Are you struggling with choosing the right .22lr rifle? A lot of people on the web come up with this question again and again. Here is how my thoughts went and how I feel about my decisions.
When discussing .22lr rifles, makes and models that are often named are:
- CZ 455
- Savage MKII
- Sako Quad
- Sako Finnfire
- Anschütz 151-1516
- Ruger 10/22
- Blaser .22lr conversion kit
- Sauer 202 conversion kit
Basically you can do a rough pre-selection based on your hunting budget.
- Low budget: Savage, CZ
- Medium Budget: Sako, Ruger
- High budget: Anschütz, Blaser, Sauer
Secondlz you have to decide if you only want to have a .22lr or even like to have an exchangeable barrel.
If you decide on an exchangeable barrel CZ 455, Sako Quad, Blaser and Sauer are probably your choice.
In my case I decided to pick a CZ 455 Varmint, .22lr and .22 WMR with laminated stock and thumbhole.
Un-boxing the product
The gun comes in a plain carton board package, with two tools for changing the barrel, a manual on CD, a paper manual and a protocol from the shoot test at the factory.
When I went to pick up my ordered gun from the dealer, he just got a whole new batch, so I was able to choose freely from the ones that had arrived. That makes sense since although you might not expect this, the laminated stocks all have slight differences in color, in my case light to dark brown. Since he opened all the boxes, maybe I should have looked at the paper with the results from the shooting test (which I missed to notice). CZ shoots with CCI 40 gr. ammunition at 50m. To be honest the results for my gun were not amazing (as I noticed at home when I found the test protocol), see picture below. Although I don’t know if the others were better, it might be worth a look if you have the chance.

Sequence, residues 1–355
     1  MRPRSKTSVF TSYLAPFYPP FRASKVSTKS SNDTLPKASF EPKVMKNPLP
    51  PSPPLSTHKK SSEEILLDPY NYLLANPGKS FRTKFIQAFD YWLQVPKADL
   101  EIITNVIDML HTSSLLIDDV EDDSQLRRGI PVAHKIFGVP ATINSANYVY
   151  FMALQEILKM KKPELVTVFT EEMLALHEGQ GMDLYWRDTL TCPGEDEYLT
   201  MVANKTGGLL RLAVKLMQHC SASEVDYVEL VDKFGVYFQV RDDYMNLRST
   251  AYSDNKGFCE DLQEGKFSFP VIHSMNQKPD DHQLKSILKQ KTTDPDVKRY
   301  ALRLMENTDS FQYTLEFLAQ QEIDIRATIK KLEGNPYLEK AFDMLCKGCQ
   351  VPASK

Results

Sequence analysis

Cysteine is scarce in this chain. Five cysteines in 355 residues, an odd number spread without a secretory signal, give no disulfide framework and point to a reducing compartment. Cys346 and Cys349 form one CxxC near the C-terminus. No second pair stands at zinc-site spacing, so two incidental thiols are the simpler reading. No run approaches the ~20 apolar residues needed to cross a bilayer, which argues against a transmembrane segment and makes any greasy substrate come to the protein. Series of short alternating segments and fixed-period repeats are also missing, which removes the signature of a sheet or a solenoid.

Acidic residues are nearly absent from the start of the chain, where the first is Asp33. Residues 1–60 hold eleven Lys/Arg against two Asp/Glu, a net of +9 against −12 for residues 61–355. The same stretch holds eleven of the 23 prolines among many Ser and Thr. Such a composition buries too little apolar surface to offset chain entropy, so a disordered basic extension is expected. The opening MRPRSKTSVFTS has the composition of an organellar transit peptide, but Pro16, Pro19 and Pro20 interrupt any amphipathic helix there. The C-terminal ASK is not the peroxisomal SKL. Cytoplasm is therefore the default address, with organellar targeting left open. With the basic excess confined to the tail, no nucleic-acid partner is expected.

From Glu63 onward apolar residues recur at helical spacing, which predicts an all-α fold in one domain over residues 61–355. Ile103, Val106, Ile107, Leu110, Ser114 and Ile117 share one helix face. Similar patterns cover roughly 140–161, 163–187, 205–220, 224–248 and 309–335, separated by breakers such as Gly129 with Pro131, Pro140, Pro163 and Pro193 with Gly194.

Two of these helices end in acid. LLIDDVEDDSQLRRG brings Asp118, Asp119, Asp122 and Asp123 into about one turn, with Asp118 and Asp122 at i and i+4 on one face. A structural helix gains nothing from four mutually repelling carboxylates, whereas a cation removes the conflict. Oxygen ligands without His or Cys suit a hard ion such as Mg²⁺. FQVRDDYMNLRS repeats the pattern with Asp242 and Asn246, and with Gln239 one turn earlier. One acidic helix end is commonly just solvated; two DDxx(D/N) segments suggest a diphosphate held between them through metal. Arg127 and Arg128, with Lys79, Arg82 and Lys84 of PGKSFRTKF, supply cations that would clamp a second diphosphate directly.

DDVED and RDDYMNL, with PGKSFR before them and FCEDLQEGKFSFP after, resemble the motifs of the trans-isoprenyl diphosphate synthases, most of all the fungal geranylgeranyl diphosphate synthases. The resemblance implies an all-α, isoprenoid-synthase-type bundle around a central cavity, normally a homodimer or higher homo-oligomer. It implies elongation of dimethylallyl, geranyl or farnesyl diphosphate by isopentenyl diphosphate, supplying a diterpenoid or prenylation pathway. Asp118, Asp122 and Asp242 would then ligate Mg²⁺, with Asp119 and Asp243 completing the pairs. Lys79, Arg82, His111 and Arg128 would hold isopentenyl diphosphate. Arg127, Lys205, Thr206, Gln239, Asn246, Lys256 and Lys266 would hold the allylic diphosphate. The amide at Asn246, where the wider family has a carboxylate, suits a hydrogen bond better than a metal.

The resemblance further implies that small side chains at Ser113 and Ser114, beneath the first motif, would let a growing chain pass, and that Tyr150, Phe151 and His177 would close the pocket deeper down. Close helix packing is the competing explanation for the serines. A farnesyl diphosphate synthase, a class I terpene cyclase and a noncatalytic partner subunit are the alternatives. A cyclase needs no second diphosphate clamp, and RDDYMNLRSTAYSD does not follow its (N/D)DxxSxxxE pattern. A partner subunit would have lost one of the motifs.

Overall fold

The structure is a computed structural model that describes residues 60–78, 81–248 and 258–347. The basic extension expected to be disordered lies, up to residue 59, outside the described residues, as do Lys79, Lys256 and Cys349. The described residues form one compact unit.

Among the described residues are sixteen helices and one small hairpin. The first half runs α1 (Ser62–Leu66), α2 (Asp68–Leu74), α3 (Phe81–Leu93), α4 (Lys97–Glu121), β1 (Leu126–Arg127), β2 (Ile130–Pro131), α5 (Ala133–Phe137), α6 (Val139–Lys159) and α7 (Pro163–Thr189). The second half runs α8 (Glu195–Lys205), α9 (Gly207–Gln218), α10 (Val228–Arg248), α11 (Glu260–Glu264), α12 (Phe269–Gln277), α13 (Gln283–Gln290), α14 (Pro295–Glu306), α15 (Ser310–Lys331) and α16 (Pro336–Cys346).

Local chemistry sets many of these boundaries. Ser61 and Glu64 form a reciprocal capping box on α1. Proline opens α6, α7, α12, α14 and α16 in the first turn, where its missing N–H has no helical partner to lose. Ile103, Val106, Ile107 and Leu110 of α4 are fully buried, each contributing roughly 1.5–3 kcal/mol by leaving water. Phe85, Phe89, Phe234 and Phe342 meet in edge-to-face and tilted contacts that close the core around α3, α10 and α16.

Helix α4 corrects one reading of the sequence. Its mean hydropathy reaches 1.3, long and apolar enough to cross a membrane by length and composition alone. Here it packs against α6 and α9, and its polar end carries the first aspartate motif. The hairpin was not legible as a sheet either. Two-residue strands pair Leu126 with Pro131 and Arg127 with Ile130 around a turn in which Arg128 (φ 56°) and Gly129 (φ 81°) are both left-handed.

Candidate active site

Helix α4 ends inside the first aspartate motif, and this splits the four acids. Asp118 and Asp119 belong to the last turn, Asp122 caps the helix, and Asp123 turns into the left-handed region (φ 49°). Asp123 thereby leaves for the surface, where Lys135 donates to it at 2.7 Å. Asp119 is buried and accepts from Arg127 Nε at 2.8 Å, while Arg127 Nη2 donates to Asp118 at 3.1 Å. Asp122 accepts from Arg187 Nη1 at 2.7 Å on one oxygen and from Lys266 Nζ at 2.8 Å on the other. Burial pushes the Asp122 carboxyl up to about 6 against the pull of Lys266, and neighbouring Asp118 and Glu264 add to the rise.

Looking at the stock finish and the rest of the gun it looks nice. After the first disassembly though, I noticed some minor points that I don’t like.
The bolt action is not polished, so it looks very dull. Even worse there are a lot of scratches on the bolt. I will explain later how to easily fix this.
The trigger guard is made from sheet metal and not a solid piece of metal, so it feels a bit cheap. Since this does not change the performance of the gun, it’s just a question of taste.
Changing the barrel
The gun comes fitted for the ordered caliber. In the manual as well as many forums you can read that the exchange barrel needs to be fitted by a gun smith in order to ensure correct case gauge. There is an easy way to quick check if it is correct or not.
As you can see on the picture, this is basically how the barrel fits into the receiver and the cartridge is locked in between barrel and bolt.
“c” = “thickness of the rim” + “barrel neck”
For my .22lr the rim is 1,1 mm (.043 in) thick, and the barrel neck is 30,2 mm (c= 1,1 mm + 30,2 mm = 31,3 mm)
For my .22 WMR the rim is 1,3 mm (0.5. in) thick so the barrel neck should be 31,3 mm – 1,3 mm = 30,0 mm (what it in fact is.)
Do all your measurements first, otherwise there is the risk of you pushing your callipers in the right direction.